On Thursday, June 24, 1914, a fire started at a the Korn patent leather factory in Salem, Massachusetts, and quickly spread across the city of about 45,000 people.

By the next day, 18,000 people were rendered homeless, jobless, or both, 47% of them French Canadian immigrants or their descendants. The National Guard (sometimes then called the Militia) turned Forest River Park into a relief camp for many of those French Canadian survivors.

“Photograph by M.E. Robb of Forest River Camp, summer 1914, negative #4606, Phillips Library, Peabody Essex Museum, Salem, Mass.”

Guided Primary Source Questions 

  • First, look at this primary source. Who made it? How do you think it came to be? What can you learn just by looking at its form
  • Second, what can you learn about the experience of being a Salem Fire survivor by looking at this picture? What do you think it was like to spend the summer at the relief camp at Forest River Park? How does it compare to your situation now?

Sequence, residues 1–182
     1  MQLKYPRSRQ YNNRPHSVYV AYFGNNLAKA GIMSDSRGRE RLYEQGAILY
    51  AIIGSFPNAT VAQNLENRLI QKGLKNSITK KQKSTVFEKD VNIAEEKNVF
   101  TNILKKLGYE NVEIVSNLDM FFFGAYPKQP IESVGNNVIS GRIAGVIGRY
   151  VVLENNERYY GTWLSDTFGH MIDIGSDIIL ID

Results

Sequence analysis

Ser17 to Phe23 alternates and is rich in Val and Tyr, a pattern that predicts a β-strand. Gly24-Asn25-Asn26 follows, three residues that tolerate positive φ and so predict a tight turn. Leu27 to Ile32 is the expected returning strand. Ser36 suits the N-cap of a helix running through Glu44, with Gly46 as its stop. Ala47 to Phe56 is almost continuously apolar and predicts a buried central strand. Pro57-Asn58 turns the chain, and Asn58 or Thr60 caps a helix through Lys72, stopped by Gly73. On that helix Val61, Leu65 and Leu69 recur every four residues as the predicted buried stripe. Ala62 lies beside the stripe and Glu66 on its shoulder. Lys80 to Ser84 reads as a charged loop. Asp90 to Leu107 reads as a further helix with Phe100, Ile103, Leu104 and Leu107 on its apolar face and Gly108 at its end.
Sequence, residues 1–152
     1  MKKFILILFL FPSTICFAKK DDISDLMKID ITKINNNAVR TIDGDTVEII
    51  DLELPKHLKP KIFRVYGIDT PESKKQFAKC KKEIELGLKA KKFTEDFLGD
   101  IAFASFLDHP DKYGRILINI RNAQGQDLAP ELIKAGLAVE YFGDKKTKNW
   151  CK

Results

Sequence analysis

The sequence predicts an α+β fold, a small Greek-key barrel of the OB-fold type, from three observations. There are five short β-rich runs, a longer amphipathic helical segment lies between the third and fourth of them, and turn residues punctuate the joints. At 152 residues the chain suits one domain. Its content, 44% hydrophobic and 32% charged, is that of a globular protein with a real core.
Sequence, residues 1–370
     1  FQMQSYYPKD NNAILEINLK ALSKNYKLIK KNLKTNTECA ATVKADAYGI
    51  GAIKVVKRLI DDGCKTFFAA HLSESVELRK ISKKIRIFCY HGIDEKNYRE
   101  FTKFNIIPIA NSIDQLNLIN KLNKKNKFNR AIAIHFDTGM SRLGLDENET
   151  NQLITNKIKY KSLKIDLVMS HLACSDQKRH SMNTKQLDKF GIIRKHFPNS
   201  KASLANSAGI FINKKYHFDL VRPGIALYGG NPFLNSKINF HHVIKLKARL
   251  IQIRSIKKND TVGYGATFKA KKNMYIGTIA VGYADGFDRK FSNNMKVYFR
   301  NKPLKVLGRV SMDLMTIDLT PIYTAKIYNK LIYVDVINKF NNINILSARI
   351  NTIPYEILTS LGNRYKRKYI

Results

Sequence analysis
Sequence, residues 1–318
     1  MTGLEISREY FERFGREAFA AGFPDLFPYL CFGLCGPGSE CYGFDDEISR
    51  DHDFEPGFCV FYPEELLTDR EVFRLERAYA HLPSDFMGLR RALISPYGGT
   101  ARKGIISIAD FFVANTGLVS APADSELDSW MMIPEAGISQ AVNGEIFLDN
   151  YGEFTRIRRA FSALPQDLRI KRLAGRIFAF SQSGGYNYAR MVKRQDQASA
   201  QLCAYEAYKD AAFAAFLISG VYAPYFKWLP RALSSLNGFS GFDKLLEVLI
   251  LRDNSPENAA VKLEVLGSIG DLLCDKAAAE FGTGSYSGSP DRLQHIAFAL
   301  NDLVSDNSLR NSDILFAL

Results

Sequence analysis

• Third, look at the woman in the center foreground of the photograph. What is she doing? Why do you think she’s doing it? What do you think it tells you about the history of public health that she is depicted that way?

Additional Primary Sources 

  • For more primary sources about the Salem Fire, see these digitized collections at Salem State University’s Archives and Special Collections.
Jacob Remes is a Clinical Associate Professor of History at New York University’s Gallatin School of Individualized Study and associated faculty in the Department of History. He studies and teaches the working-class and labor history of North America, with a focus on urban disasters, working-class organizations, and migration. His book, Disaster Citizenship: Survivors, Solidarity, and Power in the Progressive Era (University of Illinois Press, 2016) examines the overlapping responses of individuals, families, civil society, and the state to the Salem, Mass., Fire of 1914, and the Halifax, N.S., Explosion of 1917.